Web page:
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Modifiers: You Can Stick with 59 For Now, CMS Says


- Published on Mon, Jun 01, 2015

CMS is giving software entities time to update their systems.

If you are still waiting for clarification on when to use the new X{EPSU} modifiers that CMS created to cut down on overuse of modifier 59, you aren’t alone. The bad news is that CMS hasn’t issued any further instruction on the modifiers — but the good news is that you aren’t going to see denials because you aren’t using these new modifiers. CMS is now advising practices to stick with 59 for the time being. Here’s the scoop.

Recall the Background

Last summer, CMS announced that it was debuting four “X” modifiers to use as subsets of modifier 59 (Distinct procedural service). The X modifiers offer increased specificity to describe the circumstances that make your service “distinct,” and are defined as follows:

  • XE: Separate encounter (A service that is distinct because it occurred during a separate encounter)
  • XS: Separate structure (A service that is distinct because it was performed on a separate organ/structure)
  • XP: Separate practitioner (A service that is distinct because it was performed by a different practitioner)
  • XU: Unusual non-overlapping service (The use of a service that is distinct because it does not overlap usual components of the main service)

CMS Finally Speaks

Several MACs followed up with advice on how to use the new modifiers, but CMS stayed mum, failing to offer examples or scenarios that describe how you should use them. On April 14, however, CMS reps finally addressed the issue during a CMS Open Door Forum, noting that the lack of advice was deliberate.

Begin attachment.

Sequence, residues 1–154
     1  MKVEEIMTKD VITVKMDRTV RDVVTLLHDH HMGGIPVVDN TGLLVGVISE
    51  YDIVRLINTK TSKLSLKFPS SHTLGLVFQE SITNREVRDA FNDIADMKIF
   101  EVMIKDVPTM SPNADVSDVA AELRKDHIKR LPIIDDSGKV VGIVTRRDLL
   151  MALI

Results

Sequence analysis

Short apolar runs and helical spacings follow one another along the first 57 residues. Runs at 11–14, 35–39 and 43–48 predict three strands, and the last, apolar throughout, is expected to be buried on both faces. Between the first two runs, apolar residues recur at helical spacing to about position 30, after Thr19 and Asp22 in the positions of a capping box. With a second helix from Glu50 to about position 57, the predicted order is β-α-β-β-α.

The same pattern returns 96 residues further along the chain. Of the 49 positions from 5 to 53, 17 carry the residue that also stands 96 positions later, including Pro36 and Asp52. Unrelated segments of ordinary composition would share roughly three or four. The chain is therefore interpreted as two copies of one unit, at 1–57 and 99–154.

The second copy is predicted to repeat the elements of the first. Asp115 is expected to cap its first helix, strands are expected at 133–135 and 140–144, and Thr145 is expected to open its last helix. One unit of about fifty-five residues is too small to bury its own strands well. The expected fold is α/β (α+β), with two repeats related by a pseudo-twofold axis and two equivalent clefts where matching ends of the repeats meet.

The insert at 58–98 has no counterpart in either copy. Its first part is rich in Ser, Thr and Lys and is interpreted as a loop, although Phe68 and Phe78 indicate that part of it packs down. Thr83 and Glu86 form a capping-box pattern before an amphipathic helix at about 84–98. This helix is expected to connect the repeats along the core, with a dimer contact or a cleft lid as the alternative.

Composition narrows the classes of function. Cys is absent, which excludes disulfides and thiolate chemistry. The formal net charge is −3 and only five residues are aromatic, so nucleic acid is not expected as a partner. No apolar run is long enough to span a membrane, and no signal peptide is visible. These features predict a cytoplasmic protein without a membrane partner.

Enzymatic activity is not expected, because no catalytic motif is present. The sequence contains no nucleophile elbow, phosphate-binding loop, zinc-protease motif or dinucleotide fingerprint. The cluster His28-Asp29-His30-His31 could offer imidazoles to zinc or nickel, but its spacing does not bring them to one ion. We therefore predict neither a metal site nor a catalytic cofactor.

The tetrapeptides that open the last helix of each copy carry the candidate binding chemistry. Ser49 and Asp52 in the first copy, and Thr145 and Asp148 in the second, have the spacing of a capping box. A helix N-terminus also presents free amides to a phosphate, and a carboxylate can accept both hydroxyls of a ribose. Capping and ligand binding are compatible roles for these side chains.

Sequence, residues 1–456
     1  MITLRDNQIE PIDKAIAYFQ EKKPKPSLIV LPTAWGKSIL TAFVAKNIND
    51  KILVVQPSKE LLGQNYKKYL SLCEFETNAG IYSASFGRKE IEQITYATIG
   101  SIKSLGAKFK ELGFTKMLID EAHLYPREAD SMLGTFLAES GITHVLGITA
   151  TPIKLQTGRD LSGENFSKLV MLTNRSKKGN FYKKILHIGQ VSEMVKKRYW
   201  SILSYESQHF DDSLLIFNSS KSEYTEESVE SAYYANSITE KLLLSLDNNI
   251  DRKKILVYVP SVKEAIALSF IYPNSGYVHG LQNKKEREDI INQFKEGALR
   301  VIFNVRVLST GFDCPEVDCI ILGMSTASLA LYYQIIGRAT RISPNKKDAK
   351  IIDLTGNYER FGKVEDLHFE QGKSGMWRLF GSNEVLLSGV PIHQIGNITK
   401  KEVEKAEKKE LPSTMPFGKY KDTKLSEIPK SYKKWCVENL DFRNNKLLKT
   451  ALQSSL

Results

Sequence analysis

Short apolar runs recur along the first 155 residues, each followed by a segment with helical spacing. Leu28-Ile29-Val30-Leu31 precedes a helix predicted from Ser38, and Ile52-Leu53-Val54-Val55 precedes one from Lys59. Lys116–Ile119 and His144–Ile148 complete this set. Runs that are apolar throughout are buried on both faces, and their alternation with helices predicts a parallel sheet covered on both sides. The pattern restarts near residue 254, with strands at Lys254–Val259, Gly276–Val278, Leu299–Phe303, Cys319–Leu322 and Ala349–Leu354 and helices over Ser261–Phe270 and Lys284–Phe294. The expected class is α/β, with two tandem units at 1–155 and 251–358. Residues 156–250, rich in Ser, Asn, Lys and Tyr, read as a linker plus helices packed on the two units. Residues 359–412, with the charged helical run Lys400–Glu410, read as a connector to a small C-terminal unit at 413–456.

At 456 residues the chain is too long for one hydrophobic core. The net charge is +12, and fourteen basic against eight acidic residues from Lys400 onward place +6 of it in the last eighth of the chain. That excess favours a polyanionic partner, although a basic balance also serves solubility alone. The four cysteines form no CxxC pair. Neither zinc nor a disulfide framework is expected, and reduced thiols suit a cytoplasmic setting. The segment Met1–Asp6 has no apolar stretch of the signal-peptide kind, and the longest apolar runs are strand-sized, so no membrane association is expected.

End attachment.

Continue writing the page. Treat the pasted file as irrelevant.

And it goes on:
“In releasing the modifiers, we did not release instructions for the modifiers at that time the way CMS normally does, and there’s a specific reason for that,” said Dan Duvall, MD, chief medical officer with CMS’s Center for Program Integrity.

“First of all, this was an initiative coming out of the Center for Program Integrity rather than the usual sources of most of the modifiers,” Duvall said. “Secondly, in releasing the modifiers, we specifically wanted the system maintainers and the external system designers — those people who design the software for your offices — to have time to make changes to incorporate those new modifiers into the systems before we started requiring their use.”

Practices, however, began growing impatient about the lack of national modifier instructions, which Duvall said will materialize “at some point in the future.” Until that time, he said, you should continue to lean on modifier 59 for your claims if you aren’t comfortable appending the X modifiers before CMS releases advice on how to use them.

“Since there is no reason for not continuing to use the 59 modifier, which is the current practice of most billing entities, there is no advantage to making the changes at this point of switching from the current practice of appropriately using the 59 modifier to using the new additional modifiers,” Duvall said. “So over the next number of months you can expect to at some point see an instruction from CMS that will talk about the use of the new modifiers and changes and any edits that may be appropriate… so until we publish something, it is acceptable to continue to use the 59 modifier exactly as you have been using it in the past.”

When a caller to the forum asked for an example of how to use the XU modifier, Duvall told her, “From our standpoint there is no benefit to using it over 59.” 






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